I also live rural in my 2nd house but I would argue that the days of fox hunting have long gone.

    The thing is within mono-culture farming (growing 1 crop per field) there needs to be a constant source of fertilizer to produce the huge yields of crops. Oil based fertilizer is the only thing which is keeping mono-culture on life support. When it runs out mono-culture will die.

    What does this have to do with fox hunting?

    The new model for food production is permaculture, aquaponics and vertical growing under glass. The countryside as you know it will look completely different. It will be a mix of glass pyramids where inside huge vines crawl up towers and below is channels of water where tilapia, trout and salmon roam. There also be fruit trees in the center growing in mid air and as you move away from the center you get closer to smaller grown crops.
    The thing is, oil based fertilisers won't run out any time in the near future: these things are actually pretty cheap at the moment and look to carry on that way for a while. But that's not really the issue. We have to extract nitrogen for other purposes anyway, so even if all the oil and gas ran out in 20 years - which it won't - we'd still use other methods to produce it.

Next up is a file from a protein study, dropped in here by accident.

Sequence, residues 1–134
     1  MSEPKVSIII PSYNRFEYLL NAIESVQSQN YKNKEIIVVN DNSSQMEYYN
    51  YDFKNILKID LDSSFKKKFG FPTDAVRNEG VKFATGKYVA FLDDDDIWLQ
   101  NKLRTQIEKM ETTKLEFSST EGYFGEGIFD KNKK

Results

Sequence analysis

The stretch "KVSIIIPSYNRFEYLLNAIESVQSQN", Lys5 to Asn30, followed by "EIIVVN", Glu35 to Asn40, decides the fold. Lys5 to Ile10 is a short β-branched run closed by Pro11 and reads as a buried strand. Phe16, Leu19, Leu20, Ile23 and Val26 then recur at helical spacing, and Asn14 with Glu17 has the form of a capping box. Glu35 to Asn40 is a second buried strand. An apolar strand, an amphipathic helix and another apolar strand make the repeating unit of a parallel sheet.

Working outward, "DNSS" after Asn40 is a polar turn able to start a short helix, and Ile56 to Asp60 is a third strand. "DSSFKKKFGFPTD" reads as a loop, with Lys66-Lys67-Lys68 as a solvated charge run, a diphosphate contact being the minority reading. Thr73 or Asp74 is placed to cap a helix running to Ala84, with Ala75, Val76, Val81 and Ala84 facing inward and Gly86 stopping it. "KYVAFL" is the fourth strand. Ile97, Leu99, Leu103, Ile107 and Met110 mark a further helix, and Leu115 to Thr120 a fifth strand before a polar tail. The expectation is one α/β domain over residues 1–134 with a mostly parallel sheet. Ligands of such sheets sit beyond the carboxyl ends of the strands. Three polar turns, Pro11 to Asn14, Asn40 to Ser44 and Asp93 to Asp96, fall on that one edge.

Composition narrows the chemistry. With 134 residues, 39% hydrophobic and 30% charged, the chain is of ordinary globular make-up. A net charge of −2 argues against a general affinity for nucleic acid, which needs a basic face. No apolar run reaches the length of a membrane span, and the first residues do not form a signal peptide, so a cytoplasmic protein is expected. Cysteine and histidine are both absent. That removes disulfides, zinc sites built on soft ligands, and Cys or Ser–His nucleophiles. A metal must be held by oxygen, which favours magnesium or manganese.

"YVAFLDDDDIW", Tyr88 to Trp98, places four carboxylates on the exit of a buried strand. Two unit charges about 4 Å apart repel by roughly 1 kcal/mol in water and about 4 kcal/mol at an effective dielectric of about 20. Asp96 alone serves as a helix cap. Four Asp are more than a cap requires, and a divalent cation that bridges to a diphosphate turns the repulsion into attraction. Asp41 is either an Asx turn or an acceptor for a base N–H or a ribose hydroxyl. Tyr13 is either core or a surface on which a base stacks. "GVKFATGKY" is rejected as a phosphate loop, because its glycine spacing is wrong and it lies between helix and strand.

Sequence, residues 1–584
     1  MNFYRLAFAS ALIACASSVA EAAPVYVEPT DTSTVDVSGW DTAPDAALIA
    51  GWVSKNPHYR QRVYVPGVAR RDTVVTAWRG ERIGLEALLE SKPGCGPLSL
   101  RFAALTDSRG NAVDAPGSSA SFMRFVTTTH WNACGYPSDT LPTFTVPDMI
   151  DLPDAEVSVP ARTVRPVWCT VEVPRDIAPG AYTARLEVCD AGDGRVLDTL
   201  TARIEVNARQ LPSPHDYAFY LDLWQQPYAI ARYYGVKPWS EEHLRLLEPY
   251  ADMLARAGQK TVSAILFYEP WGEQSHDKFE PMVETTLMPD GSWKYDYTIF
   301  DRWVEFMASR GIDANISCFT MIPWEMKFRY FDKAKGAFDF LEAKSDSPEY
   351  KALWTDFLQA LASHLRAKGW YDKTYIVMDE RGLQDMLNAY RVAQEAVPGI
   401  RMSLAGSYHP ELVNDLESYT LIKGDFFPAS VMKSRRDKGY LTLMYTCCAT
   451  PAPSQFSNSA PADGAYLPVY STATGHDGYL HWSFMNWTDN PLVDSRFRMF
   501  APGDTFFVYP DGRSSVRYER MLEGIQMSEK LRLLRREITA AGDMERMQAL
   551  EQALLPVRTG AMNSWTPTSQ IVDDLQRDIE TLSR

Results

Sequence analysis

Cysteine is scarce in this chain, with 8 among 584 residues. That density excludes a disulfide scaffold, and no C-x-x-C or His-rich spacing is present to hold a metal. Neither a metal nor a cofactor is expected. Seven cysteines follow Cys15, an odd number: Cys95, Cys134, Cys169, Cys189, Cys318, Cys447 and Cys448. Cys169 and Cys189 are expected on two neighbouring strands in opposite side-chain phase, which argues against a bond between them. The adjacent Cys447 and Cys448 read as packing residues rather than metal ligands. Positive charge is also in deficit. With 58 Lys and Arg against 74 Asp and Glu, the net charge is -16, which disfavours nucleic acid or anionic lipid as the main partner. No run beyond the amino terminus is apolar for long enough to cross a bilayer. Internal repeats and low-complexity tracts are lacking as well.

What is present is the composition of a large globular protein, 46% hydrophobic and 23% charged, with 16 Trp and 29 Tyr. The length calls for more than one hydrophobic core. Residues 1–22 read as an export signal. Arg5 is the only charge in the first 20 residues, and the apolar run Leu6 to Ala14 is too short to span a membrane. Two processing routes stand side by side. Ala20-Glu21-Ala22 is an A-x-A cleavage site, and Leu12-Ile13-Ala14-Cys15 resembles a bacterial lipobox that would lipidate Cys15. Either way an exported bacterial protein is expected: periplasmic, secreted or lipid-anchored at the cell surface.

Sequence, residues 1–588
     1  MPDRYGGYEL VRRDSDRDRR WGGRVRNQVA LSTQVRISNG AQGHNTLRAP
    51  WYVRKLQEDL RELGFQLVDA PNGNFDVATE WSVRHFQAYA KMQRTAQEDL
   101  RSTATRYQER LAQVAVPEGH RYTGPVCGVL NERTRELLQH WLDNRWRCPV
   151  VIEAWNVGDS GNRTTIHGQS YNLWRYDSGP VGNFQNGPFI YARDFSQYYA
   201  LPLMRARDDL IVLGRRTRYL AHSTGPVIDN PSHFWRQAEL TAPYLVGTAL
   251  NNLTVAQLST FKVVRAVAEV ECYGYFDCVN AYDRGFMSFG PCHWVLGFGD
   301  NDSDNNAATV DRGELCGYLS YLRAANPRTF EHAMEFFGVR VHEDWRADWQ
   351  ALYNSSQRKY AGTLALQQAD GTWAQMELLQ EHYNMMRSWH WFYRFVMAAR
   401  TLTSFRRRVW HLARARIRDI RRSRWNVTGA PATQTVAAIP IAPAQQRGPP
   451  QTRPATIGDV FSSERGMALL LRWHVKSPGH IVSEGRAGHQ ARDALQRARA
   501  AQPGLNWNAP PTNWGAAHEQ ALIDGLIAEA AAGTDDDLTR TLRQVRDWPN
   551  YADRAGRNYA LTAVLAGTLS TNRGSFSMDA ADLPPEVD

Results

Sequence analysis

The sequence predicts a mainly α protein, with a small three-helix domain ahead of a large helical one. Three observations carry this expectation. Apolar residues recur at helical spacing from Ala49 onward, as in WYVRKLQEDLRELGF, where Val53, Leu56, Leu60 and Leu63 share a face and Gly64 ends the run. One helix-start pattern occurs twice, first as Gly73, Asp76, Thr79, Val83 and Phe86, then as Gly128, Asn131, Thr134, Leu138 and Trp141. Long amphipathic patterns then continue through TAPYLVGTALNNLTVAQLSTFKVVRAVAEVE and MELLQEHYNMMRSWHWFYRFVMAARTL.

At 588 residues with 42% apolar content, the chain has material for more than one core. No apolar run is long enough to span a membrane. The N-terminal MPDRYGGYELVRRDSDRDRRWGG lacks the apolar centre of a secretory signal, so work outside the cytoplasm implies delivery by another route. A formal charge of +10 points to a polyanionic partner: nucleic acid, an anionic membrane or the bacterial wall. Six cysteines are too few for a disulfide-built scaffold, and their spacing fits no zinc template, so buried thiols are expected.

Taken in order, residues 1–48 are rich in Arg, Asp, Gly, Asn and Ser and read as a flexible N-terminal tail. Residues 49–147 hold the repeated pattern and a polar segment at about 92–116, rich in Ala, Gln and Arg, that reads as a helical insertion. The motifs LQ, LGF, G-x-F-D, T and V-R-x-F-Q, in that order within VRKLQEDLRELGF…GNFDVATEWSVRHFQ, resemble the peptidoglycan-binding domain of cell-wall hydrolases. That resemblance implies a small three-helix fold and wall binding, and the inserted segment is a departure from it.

Even at a quick estimate of costs, producing fertiliser through slightly more energy intensive means is hardly going to be more expensive than what you're proposing.

    Our future need for fertiliser is likely to reduce anyway with the growth of genetic modification. This is likely to be the more advantageous outcome: we're not going to increase crop yields in Africa, say, by talking about aquaponics and glass pyramids - we're looking for something far more straightforward - and that will most likely take the form of something effectively modified at seed.